Chicago Collaborative Law
Northwest Indiana Collaborative Law
"Every conflict we face in life is rich with positive and negative potential. It can be a source of inspiration, enlightenment, learning, transformation, and growth -- or rage, fear, shame, entrapment, and resistance. The choice is not up to our opponents, but to us, and our willingness to face and work through them." ~Kenneth Cloke and Joan Goldsmith
Collaborative Practice is a voluntary dispute resolution process in which parties and their attorneys sign a contract to voluntarily disclose all relevant information to each other openly; to negotiate in good faith; and to resolve all disputes without going to court. Collaborative Practice is also referred to as "No Court Divorce," "Divorce with Dignity," and "Peaceful Divorce."
If you choose to use Collaborative Practice, both you and the other party must each hire an attorney trained in Collaborative Practice. A list of attorneys who have completed this training can be found at www.collaborativepractice.com.
For divorces with more complex financial or custody issues, a Collaborative Team is often formed. The Collaborative Team consists of a Collaborative Financial Professional, a Collaborative Mental Health Professional, and, of course, the Collaborative Attorneys. The Collaborative Financial Professional, as a neutral, analyzes the parties' collective assets and assists the parties in designing an equitable division of the collective assets. The Collaborative Mental Health Professional, also serving as a neutral, meets with the parties as many times as necessary to assist the parties in determining a parenting time plan which serves the children's best interests. Team meetings are then scheduled during which the Collaborative Financial Professional, the Collaborative Mental Health Professional, the parties, and the Collaborative Attorneys work together in drafting the final agreement. The Collaborative Team might seem like a lot of professionals and a lot of expense. However, in high asset divorces and divorces with complicated custody issues, preparation for a contested trial often requires each party to incur the following expenses: his or her own financial expert to opine the value of all the assets; a custody evaluator; a guardian ad litem; a mental health expert to speak on any of a variety of issues pertaining to the children; his or her attorney's time conducting extensive formal discovery; his or her attorney's time reviewing the documents acquired in formal discovery; his or her attorney's time in taking depositions and preparing for trial; and his or her attorney's time in the actual trial -- which can sometimes last more than an 8 hour day. Because the parties, in effect, share experts and openly share all information in the Collaborative Team process, the overall expense is statistically lower for high asset couples. The final agreements reached in the Collaborative Team process are also often more durable because the parties are more invested in, and have more faith in, the veracity of the agreement.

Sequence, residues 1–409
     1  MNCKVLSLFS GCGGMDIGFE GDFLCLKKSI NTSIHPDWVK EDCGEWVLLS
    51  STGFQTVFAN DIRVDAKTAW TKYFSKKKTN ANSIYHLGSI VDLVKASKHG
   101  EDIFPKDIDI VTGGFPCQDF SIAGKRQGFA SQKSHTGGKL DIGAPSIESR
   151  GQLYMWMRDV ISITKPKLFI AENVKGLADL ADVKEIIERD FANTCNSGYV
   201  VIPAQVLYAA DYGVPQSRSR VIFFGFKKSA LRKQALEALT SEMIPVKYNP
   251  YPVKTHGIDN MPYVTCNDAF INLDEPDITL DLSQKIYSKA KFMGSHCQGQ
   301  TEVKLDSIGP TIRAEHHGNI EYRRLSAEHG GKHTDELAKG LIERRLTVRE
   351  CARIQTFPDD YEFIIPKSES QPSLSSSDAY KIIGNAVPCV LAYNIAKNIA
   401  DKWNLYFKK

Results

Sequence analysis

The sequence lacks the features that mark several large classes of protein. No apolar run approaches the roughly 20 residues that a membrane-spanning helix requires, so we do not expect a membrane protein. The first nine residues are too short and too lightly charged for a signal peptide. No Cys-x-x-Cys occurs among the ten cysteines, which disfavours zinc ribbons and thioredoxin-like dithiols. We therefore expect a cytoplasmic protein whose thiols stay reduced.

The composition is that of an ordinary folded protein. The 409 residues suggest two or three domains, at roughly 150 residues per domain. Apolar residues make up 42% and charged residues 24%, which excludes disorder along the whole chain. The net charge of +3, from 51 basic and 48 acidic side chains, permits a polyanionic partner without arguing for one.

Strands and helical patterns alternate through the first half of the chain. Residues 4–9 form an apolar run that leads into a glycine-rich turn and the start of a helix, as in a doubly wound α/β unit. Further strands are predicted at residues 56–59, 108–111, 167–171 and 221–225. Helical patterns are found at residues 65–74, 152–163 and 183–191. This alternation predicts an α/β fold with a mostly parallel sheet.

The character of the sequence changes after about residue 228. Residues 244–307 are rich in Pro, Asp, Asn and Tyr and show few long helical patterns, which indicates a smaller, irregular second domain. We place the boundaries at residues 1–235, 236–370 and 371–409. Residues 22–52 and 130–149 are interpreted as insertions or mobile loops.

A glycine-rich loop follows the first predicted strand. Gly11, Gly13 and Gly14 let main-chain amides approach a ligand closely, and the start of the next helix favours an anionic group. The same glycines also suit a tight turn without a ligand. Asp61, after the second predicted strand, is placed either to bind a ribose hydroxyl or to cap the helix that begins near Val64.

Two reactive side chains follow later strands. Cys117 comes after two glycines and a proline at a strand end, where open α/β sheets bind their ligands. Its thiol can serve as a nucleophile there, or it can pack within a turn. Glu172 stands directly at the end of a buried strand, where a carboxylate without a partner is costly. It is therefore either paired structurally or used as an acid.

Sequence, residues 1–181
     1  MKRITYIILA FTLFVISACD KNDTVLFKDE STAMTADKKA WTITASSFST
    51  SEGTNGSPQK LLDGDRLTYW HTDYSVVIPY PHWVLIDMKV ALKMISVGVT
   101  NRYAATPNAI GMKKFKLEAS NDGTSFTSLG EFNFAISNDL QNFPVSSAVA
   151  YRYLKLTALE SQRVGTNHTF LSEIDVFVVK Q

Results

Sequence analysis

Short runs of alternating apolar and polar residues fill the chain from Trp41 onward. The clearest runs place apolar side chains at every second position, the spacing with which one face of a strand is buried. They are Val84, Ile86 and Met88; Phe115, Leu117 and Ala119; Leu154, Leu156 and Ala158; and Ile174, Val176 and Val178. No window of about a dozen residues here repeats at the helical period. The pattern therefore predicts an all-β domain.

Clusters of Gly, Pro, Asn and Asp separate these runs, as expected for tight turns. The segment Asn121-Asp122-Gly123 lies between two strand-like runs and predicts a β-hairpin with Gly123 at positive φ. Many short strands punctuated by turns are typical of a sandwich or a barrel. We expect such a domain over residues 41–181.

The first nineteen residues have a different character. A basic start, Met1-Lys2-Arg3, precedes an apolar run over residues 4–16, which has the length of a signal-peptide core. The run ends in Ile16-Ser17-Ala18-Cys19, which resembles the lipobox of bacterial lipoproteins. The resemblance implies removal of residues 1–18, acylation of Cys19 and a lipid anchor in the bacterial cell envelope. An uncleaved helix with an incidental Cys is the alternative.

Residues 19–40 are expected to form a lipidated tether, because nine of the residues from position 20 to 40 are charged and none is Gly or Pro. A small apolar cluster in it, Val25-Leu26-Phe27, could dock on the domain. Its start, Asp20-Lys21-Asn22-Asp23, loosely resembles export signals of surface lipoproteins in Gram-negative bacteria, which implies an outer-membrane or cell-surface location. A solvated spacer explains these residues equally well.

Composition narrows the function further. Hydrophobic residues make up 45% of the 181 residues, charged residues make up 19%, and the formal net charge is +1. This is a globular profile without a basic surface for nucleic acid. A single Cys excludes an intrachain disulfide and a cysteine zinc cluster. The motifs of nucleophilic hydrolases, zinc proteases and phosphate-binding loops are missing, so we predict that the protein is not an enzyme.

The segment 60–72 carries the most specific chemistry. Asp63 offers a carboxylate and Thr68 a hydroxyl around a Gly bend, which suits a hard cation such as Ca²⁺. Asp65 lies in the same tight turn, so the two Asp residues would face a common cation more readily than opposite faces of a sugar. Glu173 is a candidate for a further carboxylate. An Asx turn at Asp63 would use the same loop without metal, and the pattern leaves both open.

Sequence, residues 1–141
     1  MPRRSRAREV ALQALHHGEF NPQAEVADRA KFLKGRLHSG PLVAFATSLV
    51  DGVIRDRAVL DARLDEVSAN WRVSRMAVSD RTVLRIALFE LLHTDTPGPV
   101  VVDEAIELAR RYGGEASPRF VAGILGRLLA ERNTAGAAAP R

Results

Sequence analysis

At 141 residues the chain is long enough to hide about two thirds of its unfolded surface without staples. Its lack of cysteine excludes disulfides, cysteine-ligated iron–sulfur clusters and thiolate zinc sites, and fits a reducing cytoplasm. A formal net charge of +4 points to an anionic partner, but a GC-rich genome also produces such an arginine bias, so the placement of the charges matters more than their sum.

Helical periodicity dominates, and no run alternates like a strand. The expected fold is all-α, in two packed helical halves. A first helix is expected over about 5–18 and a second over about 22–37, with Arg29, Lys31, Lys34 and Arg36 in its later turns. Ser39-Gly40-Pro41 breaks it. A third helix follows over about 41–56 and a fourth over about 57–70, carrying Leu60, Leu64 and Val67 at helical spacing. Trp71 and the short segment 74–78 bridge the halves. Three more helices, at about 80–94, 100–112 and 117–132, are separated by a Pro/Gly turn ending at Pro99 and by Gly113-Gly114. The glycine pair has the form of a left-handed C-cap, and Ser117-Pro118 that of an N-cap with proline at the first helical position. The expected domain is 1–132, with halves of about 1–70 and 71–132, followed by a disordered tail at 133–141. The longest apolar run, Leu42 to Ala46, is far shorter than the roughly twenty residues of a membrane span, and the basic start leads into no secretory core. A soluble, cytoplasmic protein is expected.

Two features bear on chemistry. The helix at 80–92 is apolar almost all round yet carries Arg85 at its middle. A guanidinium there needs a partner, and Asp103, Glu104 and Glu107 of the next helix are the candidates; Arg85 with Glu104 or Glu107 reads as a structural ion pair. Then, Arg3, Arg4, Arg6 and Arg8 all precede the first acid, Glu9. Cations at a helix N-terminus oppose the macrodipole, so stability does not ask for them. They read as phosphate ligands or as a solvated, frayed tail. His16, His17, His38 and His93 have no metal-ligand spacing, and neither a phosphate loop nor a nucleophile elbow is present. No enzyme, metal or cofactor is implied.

Rebecca L. Billick is a member of the International Academy of Collaborative Professionals and believes the Collaborative Practice is a way to ensure your resources are safeguarded for your family's future instead of wasted on unnecessary litigation. Contact Rebecca to see if Collaborative Practice is right for you.
Rebecca Billick Attorney & Mediator